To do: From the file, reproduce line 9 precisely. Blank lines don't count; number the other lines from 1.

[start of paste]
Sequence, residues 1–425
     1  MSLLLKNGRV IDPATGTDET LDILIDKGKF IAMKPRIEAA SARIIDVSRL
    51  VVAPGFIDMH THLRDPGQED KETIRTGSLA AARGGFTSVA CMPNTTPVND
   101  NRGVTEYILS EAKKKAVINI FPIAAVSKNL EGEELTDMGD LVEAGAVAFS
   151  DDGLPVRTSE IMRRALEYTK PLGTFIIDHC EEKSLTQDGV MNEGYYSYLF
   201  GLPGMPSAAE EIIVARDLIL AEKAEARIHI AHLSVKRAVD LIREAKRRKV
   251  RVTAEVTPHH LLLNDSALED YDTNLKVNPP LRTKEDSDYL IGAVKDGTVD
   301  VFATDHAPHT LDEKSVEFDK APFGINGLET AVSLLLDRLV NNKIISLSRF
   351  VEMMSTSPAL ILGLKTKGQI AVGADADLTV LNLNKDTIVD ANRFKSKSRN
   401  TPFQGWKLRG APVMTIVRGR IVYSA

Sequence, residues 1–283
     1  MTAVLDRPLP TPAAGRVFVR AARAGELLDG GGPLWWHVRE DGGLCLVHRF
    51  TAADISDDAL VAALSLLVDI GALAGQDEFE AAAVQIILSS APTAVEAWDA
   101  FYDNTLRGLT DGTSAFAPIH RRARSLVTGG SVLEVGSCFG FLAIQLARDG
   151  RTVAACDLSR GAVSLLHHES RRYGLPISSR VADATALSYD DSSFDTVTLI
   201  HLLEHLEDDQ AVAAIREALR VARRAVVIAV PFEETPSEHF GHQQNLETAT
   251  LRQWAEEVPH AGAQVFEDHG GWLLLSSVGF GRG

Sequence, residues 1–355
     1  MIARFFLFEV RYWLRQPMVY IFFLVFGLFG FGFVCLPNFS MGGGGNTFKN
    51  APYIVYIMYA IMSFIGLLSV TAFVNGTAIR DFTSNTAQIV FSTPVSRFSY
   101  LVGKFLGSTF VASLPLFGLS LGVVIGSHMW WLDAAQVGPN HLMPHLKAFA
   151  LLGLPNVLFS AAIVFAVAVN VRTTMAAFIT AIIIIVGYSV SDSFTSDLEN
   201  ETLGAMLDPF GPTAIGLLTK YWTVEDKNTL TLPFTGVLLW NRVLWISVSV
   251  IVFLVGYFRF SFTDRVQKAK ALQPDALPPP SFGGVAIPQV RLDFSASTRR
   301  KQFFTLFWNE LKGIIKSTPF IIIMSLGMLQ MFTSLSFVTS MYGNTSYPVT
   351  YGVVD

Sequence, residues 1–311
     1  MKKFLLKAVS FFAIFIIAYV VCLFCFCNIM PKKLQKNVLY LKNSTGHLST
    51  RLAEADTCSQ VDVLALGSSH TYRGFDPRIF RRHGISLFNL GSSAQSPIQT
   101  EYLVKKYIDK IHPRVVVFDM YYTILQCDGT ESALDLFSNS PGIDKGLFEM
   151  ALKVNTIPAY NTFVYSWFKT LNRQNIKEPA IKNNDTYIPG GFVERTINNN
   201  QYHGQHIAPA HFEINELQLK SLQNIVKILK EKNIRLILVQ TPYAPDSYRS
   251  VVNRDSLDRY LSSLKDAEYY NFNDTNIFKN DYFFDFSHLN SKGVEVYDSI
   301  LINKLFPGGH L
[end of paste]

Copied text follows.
   351  VEMMSTSPAL ILGLKTKGQI AVGADADLTV LNLNKDTIVD ANRFKSKSRN